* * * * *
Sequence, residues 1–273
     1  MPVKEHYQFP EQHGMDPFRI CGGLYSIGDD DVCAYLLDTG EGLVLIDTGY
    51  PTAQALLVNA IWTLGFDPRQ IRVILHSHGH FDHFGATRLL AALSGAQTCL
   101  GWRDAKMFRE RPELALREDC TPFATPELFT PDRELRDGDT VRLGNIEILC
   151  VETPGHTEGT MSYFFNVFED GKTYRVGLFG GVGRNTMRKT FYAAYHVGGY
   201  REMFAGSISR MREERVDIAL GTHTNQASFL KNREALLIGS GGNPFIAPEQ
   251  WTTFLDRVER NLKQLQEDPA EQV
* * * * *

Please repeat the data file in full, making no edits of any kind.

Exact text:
Sequence, residues 1–273
     1  MPVKEHYQFP EQHGMDPFRI CGGLYSIGDD DVCAYLLDTG EGLVLIDTGY
    51  PTAQALLVNA IWTLGFDPRQ IRVILHSHGH FDHFGATRLL AALSGAQTCL
   101  GWRDAKMFRE RPELALREDC TPFATPELFT PDRELRDGDT VRLGNIEILC
   151  VETPGHTEGT MSYFFNVFED GKTYRVGLFG GVGRNTMRKT FYAAYHVGGY
   201  REMFAGSISR MREERVDIAL GTHTNQASFL KNREALLIGS GGNPFIAPEQ
   251  WTTFLDRVER NLKQLQEDPA EQV